Like many others, I've lived in a fairly big city my entire life. But, unlike many, I would never live in my hometown forever.
Don't get wrong, Minneapolis is a great city to live in: it's fairly large, urban and is way more diverse when compared to the rest of the state. We have the iconic Juicy Lucy, Dinkytown, thousands of bike riders and tons of other "Uff-Da"-inducing things. And there's nothing wrong with living in your hometown for your entire life. But, in all honesty, why would you want to stay in the same place forever?
Aside from obvious financial reasons and roadblocks, staying in one place for the rest of your life sounds incredibly boring and uneventful. You'd miss so much from staying in one city for 80 years. The same people, same restaurants, same everything. It's a waste of the limited time you have on planet earth. Now, this statement doesn't necessarily include people who go on vacations every so often or get out of the city; rather, it's the people who have only stayed in the one place they've known since they were mere minutes old.
My future career has shaped my views on this a lot. One of the perks (yes, there are perks) of being a teacher is that you can work practically anywhere on the globe. There are schools, organizations and non-profits everywhere looking for people to add to their environment's quality and diversity. People love to argue "Well, shouldn't you stay in the place you grew up in and help them rather than others?" without looking at the other side's argument and the benefits that come with it. You can contribute your help and expertise to more than one place in a lifetime. I could work in Minneapolis and then move to Dar Es Salaam, for all I care. You don't owe your hometown or country anything.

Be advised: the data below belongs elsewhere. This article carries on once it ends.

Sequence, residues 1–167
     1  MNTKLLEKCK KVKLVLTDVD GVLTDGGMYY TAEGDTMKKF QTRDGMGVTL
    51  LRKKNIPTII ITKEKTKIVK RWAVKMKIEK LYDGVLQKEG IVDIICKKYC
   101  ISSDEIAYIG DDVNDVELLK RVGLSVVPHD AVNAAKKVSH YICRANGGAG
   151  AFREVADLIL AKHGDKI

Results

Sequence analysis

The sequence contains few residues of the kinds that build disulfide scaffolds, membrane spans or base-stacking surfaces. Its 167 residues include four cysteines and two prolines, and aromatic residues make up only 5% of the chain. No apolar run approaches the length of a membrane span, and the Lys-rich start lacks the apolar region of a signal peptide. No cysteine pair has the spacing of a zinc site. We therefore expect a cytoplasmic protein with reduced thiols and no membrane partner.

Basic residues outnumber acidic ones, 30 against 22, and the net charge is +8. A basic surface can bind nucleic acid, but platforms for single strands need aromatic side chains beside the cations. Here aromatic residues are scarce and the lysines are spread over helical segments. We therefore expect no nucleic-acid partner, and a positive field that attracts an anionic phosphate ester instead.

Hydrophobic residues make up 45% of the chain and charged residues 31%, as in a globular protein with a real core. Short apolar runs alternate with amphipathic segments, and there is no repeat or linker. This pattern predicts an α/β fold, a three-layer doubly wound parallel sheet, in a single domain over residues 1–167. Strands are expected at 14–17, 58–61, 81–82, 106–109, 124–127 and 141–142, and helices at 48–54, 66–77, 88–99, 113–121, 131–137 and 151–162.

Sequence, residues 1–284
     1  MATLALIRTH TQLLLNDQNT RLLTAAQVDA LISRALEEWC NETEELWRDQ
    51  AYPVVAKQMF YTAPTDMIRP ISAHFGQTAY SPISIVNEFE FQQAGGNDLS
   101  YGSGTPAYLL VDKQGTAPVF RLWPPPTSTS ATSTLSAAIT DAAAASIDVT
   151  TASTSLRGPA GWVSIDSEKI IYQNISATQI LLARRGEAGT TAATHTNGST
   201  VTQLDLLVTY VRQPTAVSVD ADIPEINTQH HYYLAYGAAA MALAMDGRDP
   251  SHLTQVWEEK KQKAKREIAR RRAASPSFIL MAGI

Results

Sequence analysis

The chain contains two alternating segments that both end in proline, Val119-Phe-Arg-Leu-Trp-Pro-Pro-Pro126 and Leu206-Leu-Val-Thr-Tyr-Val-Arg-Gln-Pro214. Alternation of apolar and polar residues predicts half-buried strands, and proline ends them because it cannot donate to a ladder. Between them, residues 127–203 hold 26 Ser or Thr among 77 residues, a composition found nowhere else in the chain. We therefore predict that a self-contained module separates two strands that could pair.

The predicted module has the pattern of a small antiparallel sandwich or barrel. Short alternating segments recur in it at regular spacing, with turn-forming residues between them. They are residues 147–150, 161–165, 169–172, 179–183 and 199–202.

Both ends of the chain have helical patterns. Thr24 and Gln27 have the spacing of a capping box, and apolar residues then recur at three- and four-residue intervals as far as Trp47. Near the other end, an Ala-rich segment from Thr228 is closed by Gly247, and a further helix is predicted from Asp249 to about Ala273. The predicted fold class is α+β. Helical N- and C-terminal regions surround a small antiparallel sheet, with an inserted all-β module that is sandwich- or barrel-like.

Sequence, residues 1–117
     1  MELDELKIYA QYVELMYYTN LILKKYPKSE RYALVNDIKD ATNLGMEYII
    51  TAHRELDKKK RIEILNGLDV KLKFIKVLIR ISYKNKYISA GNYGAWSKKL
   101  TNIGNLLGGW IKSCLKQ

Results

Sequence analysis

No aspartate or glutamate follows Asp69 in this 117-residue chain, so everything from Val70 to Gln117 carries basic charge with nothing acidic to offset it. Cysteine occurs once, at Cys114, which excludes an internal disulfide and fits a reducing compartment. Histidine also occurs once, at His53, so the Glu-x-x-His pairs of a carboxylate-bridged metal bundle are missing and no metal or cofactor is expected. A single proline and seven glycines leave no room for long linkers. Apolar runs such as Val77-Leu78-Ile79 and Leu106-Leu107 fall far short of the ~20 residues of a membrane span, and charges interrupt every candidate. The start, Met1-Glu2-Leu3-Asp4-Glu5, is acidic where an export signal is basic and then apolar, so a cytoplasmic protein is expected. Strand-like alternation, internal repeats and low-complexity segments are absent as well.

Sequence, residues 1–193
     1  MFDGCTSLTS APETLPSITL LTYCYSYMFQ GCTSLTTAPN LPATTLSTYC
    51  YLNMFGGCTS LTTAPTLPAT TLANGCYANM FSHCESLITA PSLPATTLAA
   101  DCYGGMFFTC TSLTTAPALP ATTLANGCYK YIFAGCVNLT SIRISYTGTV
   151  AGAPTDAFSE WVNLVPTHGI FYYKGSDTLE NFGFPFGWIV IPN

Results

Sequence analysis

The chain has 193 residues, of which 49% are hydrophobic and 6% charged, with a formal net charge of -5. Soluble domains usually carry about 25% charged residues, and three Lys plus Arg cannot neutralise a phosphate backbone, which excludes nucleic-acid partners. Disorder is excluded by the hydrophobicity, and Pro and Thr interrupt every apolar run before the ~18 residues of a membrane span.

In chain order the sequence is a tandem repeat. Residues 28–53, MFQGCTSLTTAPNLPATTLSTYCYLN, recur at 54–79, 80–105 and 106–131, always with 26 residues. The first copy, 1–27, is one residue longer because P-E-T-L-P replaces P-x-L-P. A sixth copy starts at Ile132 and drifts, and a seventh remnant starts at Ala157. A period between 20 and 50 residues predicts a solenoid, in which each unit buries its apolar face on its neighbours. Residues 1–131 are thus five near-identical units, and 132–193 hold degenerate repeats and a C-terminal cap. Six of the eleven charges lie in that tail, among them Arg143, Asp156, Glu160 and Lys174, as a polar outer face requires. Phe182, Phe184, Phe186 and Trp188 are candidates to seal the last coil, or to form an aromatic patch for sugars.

While being an educator or any job related to public service will mean staying in one place for at least six years to make an impact in that community, six years is not a long time. That's nothing compared to the human lifespan and time we have on earth. It's six years to eighty.
Asides from work, there's also just the opportunity to explore the world. Even if it's just moving to another city in the states, you get to experience new ordeals you never would've in your hometown. New people, food, buildings and even new weather. The only things that are really the same are the sunrises and sunsets.
No matter how cliché it may sound, there is too much of the world left to explore. Staying in the same city for the rest of your life is fine if you wish to do so, but why waste what little time you have on this earth with the same repetitive daily schedule? To sum it up, if you don't need to be grounded in one city, there's no point for you to stay in that one city forever. If you can travel for your job or just explore the world, you should do it. Vive ta vie.